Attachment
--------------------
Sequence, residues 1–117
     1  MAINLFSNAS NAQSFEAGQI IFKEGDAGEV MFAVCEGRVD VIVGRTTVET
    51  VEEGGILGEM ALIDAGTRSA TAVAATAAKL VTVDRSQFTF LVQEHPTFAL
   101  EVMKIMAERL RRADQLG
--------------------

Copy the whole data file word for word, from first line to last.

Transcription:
Sequence, residues 1–117
     1  MAINLFSNAS NAQSFEAGQI IFKEGDAGEV MFAVCEGRVD VIVGRTTVET
    51  VEEGGILGEM ALIDAGTRSA TAVAATAAKL VTVDRSQFTF LVQEHPTFAL
   101  EVMKIMAERL RRADQLG